alfentanil; cytochrome P450 3A; CYP3A; in vivo probe; phenotyping
4-(Dimethylamino)-N-(4-(4-(2-methoxyphenyl)piperazin-1-yl)butyl)-benzamide (WC-10), a N-phenyl piperazine analog, displays high affinity and moderate selectivity for dopamine D3 receptors versus dopamine D2 receptors (Chu et al.  Bioorg Med Chem 13:77–87). In this study, WC-10 was radiolabeled with tritium (specific activity = 80 Ci/mmol), and quantitative autoradiography studies were conducted using rhesus monkey and Sprague-Dawley rat brain sections. Kd values for the binding of [3H]WC-10 to D3 receptors obtained from quantitative autoradiography with rhesus monkey and rat brain sections are in agreement with Kd values obtained from cloned human and rat receptors (Xu et al.  Synapse 63:717-728). The D2 selective antagonist [3H]raclopride binds with 11-fold higher affinity to human HEK D2L (Kd = 1.6 nM) than HEK D3 (Kd = 18 nM) receptors; [3H]raclopride binds to rat Sf9 rD2L receptors with a Kd of 6.79 nM, a value that is 4-fold lower than binding to human HEK D2L receptors and 2.5-fold higher than binding to rat Sf9 rD3 receptors. In vitro quantitative autoradiography studies with [3H]WC-10 and [3H]raclopride were conducted on adult rat and rhesus monkey brain sections. A mathematical model for calculating the absolute densities of dopamine D2 and D3 receptors based on the in vitro receptor binding data of [3H]WC-10 and [3H]raclopride was developed.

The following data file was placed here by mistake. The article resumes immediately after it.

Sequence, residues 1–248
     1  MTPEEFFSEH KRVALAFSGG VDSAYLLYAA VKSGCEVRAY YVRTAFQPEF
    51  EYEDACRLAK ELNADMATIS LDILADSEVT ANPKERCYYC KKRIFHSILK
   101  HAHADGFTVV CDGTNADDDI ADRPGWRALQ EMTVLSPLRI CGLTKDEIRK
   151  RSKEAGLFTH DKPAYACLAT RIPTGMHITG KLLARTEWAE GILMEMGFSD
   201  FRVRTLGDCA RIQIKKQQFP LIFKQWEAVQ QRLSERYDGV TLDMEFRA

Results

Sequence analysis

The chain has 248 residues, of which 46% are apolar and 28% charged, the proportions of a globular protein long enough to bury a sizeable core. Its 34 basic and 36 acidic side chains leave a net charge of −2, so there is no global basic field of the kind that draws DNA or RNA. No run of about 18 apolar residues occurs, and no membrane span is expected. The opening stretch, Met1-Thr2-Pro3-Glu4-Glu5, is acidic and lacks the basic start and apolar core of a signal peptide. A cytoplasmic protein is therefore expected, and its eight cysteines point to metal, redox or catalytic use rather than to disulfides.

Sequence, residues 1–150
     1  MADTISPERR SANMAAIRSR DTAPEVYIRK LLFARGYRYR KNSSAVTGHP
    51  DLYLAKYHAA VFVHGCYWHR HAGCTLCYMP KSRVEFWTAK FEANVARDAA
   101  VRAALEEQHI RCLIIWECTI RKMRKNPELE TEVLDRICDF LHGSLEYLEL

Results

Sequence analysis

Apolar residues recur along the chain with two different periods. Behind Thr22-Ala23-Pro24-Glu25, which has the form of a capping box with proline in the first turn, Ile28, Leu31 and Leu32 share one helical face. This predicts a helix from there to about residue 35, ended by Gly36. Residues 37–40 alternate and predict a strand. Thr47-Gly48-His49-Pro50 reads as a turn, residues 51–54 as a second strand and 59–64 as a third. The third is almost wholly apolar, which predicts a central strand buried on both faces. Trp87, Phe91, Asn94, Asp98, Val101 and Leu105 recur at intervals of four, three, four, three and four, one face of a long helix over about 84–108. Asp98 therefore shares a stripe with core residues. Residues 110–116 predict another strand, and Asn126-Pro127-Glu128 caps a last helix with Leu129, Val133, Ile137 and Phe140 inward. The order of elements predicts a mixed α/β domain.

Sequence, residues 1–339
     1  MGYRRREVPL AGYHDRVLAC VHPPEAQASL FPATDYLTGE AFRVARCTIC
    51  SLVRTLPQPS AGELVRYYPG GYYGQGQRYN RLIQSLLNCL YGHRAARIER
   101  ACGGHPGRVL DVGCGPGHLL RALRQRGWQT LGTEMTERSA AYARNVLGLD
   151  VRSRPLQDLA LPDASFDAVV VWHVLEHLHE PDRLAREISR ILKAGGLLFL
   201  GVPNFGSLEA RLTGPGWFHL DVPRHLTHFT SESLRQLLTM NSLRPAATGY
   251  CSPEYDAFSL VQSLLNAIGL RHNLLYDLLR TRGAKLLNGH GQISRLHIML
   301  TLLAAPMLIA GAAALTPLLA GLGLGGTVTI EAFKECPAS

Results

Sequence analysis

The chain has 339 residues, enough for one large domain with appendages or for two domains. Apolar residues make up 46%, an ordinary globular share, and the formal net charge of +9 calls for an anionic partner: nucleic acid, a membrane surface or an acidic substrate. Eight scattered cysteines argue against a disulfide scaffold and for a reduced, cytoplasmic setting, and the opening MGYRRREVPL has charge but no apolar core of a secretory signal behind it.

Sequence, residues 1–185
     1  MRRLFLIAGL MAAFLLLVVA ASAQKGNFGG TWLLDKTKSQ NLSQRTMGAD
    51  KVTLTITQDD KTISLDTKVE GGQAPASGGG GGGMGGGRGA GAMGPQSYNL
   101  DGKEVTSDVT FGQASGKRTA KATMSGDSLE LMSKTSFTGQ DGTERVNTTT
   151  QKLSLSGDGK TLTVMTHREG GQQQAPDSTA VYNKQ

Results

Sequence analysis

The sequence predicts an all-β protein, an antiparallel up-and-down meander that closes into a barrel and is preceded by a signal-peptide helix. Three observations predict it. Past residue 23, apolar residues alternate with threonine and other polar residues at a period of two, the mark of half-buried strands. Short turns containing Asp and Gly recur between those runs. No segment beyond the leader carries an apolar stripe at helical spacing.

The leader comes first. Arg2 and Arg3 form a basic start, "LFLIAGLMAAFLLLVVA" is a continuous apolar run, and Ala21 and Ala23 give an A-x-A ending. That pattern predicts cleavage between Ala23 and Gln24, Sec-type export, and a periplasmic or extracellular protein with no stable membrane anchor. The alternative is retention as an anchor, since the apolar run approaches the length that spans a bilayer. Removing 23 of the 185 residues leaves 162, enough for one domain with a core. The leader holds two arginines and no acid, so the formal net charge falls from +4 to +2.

dopamine; DA D3/D2 receptors; quantitative autoradiography
15-(4-(2-[18F]fluoroethoxy)phenyl)pentadecanoic acid ([18F]7) was synthesized as a PET probe for assessing myocardial fatty acid metabolism. The radiosynthesis of [18F]7 was accomplished using a two step reaction, starting with the corresponding tosylate ester, methyl 15-(4-(2-(tosyloxy)ethoxy)phenyl)pentadecanoate (5) and gave the radiolabeled fatty acid, [18F]7 in a radiolabeling yield of 55 – 60% and a specific activity of > 2,000 Ci/mmol (decay corrected to EOB). The biological evaluation of [18F]7 in rats displayed high uptake in heart (1.94%.ID/g at 5 min), which was higher than the uptake (%ID/g) in blood, lung, muscle, pancreas and brain. MicroPET studies of [18F]7 in Sprague-Dawley rats demonstrated excellent images of the myocardium when compared with [11C]palmitate images in the same animal. Moreover, the tracer kinetics of [18F]7 paralleled those seen with [11C]palmitate, with an early peak followed by biphasic washout. When compared to [11C]palmitate, [18F]7 exhibited a slower early clearance (0.17 ± 0.01 vs. 0.30 ± 0.02, P < 0.0001) and a significantly higher late clearance (0.0030 ± 0.0005 vs. 0.0006 ± 0.00013, P < 0.01). These initial studies suggest that [18F]7 could be a potentially useful clinical PET tracer to assess abnormal myocardial fatty acid metabolism.
Fatty acid; PET imaging; F-18